Example 27

The apparatus of example 18, wherein the circuitry is physical (PHY) layer circuitry.

Example 28

The apparatus of any one of examples 18 to 27, wherein the first frame is a request to send (RTS) frame.

Example 29

The apparatus of example 28, wherein the RTS frame is part of a convergence procedure (PLCP) protocol data unit (PPDU).

Example 30

The apparatus of example 28, wherein the second frame is a directional multi-gigabit (DMG) clear-to-send (CTS) frame corresponding to the RTS frame.

Example 31

The apparatus of example 29, wherein the third frame is a DMG-CTS-to-self frame.

Example 32

A method implemented by a station in a wireless network. The method including: transmitting a first frame, the first frame transmitted using a first millimeter wave channel and including a PHY layer header and a PHY layer sub-header, the PHY layer sub-header including an indication of a second channel to be used to communicate data, the first channel different from the second channel.

Example 33

The method of example 32, further comprising: receiving a second frame corresponding to the first frame; and transmitting a third frame including an indication that a transmit opportunity (TXOP) corresponding to the first frame was established, the third frame transmitted at least in part in response to receiving the second frame.

Example 34

The method of example 33, further comprising transmitting data using the second channel.

Example 35

The method of example 34, the PHY layer sub-header including an indication of a multiple-input multiple-output (MIMO) transmission scheme to be used to communicate data using the second channel, the MIMO scheme utilizing one or more of a plurality of antennas.

Example 36

The method of example 35, the first frame further including a MIMO training field sub-header including an indication of one or more MIMO training sequences to be used in establishing communication using the second channel.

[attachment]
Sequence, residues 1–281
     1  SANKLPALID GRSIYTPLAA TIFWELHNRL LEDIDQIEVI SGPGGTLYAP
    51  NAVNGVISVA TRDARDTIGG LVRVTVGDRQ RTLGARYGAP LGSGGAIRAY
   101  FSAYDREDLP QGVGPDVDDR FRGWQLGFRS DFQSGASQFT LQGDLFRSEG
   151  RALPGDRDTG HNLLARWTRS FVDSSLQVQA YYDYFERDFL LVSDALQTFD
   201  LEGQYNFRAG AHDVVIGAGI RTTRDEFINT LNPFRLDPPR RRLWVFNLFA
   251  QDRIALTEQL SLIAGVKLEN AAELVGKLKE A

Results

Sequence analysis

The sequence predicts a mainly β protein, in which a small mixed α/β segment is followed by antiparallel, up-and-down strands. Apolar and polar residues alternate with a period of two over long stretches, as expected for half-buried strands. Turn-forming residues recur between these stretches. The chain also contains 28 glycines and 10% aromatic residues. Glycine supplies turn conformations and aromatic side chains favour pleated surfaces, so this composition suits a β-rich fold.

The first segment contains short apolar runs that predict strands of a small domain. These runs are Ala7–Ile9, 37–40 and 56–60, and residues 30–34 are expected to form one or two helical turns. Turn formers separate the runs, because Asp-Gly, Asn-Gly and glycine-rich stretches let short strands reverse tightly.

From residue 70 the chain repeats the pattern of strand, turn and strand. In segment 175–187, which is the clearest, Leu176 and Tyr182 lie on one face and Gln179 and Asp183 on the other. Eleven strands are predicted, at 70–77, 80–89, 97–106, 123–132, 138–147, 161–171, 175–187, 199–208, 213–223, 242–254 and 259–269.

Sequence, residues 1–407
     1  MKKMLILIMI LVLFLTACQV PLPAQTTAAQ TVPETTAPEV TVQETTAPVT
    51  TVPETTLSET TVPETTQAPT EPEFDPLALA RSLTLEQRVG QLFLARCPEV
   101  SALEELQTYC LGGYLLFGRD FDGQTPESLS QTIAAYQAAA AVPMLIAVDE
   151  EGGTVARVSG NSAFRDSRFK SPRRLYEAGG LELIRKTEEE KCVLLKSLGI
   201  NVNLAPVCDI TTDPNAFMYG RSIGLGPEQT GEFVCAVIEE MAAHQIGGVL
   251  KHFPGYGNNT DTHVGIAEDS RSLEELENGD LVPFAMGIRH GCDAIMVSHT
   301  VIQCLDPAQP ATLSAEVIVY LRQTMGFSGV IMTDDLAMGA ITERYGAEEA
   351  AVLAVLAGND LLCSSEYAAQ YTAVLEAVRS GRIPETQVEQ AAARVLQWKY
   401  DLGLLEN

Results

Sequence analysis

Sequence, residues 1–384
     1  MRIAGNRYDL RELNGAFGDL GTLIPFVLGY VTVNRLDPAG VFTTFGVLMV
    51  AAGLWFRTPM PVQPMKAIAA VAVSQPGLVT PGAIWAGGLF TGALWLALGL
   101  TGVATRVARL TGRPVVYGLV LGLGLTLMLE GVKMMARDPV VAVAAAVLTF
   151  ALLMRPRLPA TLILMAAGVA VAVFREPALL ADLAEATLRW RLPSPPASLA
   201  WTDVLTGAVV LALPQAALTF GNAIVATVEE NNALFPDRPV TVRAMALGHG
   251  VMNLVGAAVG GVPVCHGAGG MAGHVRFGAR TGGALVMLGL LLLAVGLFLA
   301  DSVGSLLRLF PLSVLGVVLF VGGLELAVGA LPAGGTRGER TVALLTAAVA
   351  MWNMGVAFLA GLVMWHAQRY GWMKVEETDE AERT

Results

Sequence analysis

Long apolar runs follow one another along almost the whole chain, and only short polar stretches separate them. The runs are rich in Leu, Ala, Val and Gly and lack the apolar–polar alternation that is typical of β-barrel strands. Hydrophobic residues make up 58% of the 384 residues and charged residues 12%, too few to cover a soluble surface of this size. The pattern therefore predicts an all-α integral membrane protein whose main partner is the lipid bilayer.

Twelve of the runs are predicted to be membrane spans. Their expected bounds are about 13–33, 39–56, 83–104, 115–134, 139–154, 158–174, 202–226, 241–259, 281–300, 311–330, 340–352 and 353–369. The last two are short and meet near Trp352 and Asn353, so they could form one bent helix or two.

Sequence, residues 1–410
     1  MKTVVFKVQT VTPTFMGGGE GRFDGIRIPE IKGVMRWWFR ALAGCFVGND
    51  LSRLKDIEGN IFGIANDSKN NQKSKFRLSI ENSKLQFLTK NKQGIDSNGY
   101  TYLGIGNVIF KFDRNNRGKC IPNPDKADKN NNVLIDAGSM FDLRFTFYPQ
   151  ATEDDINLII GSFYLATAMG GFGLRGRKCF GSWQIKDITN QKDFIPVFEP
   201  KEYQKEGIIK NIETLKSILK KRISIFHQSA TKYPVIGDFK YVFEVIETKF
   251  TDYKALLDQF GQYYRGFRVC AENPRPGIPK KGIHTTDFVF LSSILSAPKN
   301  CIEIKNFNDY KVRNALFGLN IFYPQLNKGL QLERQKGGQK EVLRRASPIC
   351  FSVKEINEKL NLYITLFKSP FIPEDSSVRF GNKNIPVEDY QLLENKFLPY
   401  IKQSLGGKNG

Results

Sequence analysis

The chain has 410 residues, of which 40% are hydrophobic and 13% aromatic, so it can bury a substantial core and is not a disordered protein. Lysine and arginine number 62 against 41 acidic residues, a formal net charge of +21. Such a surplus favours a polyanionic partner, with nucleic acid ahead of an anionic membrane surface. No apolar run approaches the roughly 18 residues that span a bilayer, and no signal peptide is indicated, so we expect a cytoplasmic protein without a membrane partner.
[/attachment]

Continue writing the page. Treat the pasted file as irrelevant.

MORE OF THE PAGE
Example 37

The method of example 35, the PHY layer sub-header including an indication of bandwidth to be used to communicate data using the second channel.

Example 38

The method of example 35, the PHY layer header including a bit that indicates the presence of the PHY layer sub-header.

Example 39

The method of example 35, wherein the PHY layer sub-header is a first PHY layer sub-header, the RTS frame further including a second PHY layer sub-header, the second PHY layer sub-header including an indication of one or more MIMO training sequences.

Example 40

The method of example 35, the PHY layer header including a first bit that indicates the presence of the first PHY layer sub-header and a second bit that indicates the presence of the second PHY layer sub-header.

Example 41

The method of example 40, the first and second bits corresponding to reserved bits in the PHY layer header.

Example 42

The method any one of examples 33 to 41, wherein the first frame is a request to send (RTS) frame.

Example 43

The apparatus of example 42, wherein the second frame is a directional multi-gigabit (DMG) clear-to-send (CTS) frame corresponding to the RTS frame and the third frame is a DMG-CTS-to-self frame.

Example 44

The method of example 43, wherein the RTS frame is part of a convergence procedure (PLCP) protocol data unit (PPDU).

Example 45

The method of example 43, wherein the DMG-CTS frame is received from a first node in the wireless network, the DMG-CTS-to-self frame including an indication that one or more other nodes in the wireless network, different from the first node, should refrain from transmitting on the first channel during the TXOP.

Example 46